Harvard Catalyst Profiles

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Walter C. Willett, Dr.P.H., M.D.

Co-Author

This page shows the publications co-authored by Walter Willett and Lu Qi.
Connection Strength

2.695
  1. Starch Digestion-Related Amylase Genetic Variants, Diet, and Changes in Adiposity: Analyses in Prospective Cohort Studies and a Randomized Dietary Intervention. Diabetes. 2020 09; 69(9):1917-1926.
    View in: PubMed
    Score: 0.229
  2. Improving fruit and vegetable intake attenuates the genetic association with long-term weight gain. Am J Clin Nutr. 2019 09 01; 110(3):759-768.
    View in: PubMed
    Score: 0.217
  3. Improving adherence to healthy dietary patterns, genetic risk, and long term weight gain: gene-diet interaction analysis in two prospective cohort studies. BMJ. 2018 01 10; 360:j5644.
    View in: PubMed
    Score: 0.194
  4. Genetic Susceptibility, Change in Physical Activity, and Long-term Weight Gain. Diabetes. 2017 10; 66(10):2704-2712.
    View in: PubMed
    Score: 0.187
  5. Habitual coffee consumption and genetic predisposition to obesity: gene-diet interaction analyses in three US prospective studies. BMC Med. 2017 05 09; 15(1):97.
    View in: PubMed
    Score: 0.185
  6. Cumulative consumption of branched-chain amino acids and incidence of type 2 diabetes. Int J Epidemiol. 2016 10; 45(5):1482-1492.
    View in: PubMed
    Score: 0.175
  7. Joint association between birth weight at term and later life adherence to a healthy lifestyle with risk of hypertension: a prospective cohort study. BMC Med. 2015 Jul 31; 13:175.
    View in: PubMed
    Score: 0.164
  8. Birth weight and later life adherence to unhealthy lifestyles in predicting type 2 diabetes: prospective cohort study. BMJ. 2015 Jul 21; 351:h3672.
    View in: PubMed
    Score: 0.163
  9. DNA Methylation Variants at HIF3A Locus, B-Vitamin Intake, and Long-term Weight Change: Gene-Diet Interactions in Two U.S. Cohorts. Diabetes. 2015 Sep; 64(9):3146-54.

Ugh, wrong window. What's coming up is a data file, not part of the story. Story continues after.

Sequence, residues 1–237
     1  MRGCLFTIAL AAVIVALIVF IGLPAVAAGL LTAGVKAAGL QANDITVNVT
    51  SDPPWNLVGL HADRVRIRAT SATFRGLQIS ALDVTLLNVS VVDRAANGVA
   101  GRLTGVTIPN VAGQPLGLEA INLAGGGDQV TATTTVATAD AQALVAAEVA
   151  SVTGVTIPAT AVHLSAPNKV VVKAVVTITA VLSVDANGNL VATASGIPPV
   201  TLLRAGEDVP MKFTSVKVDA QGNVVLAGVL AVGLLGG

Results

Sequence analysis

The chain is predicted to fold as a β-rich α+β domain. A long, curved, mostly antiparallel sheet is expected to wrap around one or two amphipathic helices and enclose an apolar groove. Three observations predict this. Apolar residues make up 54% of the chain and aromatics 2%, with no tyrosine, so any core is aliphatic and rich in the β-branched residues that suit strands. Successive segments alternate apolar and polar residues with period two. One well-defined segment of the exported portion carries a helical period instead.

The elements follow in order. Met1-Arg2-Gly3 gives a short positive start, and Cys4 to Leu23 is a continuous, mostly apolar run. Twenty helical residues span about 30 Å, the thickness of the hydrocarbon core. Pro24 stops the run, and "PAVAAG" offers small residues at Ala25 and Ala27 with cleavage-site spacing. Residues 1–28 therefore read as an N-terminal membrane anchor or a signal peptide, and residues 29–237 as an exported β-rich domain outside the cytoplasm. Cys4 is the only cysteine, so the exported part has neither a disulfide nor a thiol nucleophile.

View in: PubMed
    Score: 0.161
  10. Dietary phosphatidylcholine intake and type 2 diabetes in men and women. Diabetes Care. 2015 Feb; 38(2):e13-4.
    View in: PubMed
    Score: 0.158
  11. Fried food consumption, genetic risk, and body mass index: gene-diet interaction analysis in three US cohort studies. BMJ. 2014 Mar 19; 348:g1610.
    View in: PubMed
    Score: 0.149
  12. Phobic anxiety symptom scores and incidence of type 2 diabetes in US men and women. Brain Behav Immun. 2014 Feb; 36:176-82.
    View in: PubMed
    Score: 0.145
  13. Sugar-sweetened beverages and genetic risk of obesity. N Engl J Med. 2012 Oct 11; 367(15):1387-96.
    View in: PubMed
    Score: 0.134
  14. Television watching, leisure time physical activity, and the genetic predisposition in relation to body mass index in women and men. Circulation. 2012 Oct 09; 126(15):1821-7.
    View in: PubMed
    Score: 0.134
  15. Associations of dairy intake with risk of mortality in women and men: three prospective cohort studies. BMJ. 2019 11 27; 367:l6204.
    View in: PubMed
    Score: 0.055
  16. Diet quality and genetic association with body mass index: results from 3 observational studies. Am J Clin Nutr. 2018 12 01; 108(6):1291-1300.
    View in: PubMed
    Score: 0.052
  17. Diet, Lifestyle, Biomarkers, Genetic Factors, and Risk of Cardiovascular Disease in the Nurses' Health Studies. Am J Public Health. 2016 Sep; 106(9):1616-23.
    View in: PubMed
    Score: 0.044
  18. Contribution of the Nurses' Health Studies to Uncovering Risk Factors for Type 2 Diabetes: Diet, Lifestyle, Biomarkers, and Genetics. Am J Public Health. 2016 Sep; 106(9):1624-30.
    View in: PubMed
    Score: 0.044
  19. Determinants and Consequences of Obesity. Am J Public Health. 2016 Sep; 106(9):1656-62.
    View in: PubMed
    Score: 0.044
  20. FTO genotype, vitamin D status, and weight gain during childhood. Diabetes. 2014 Feb; 63(2):808-14.
    View in: PubMed
    Score: 0.036
  21. Phobic anxiety is associated with higher serum concentrations of adipokines and cytokines in women with diabetes. Diabetes Care. 2009 May; 32(5):926-31.
    View in: PubMed
    Score: 0.026
Connection Strength
The connection strength for co-authors is the sum of the scores for each of their shared publications.

Publication scores are based on many factors, including how long ago they were written and whether the person is a first or senior author.
Funded by the NIH National Center for Advancing Translational Sciences through its Clinical and Translational Science Awards Program, grant number UL1TR002541.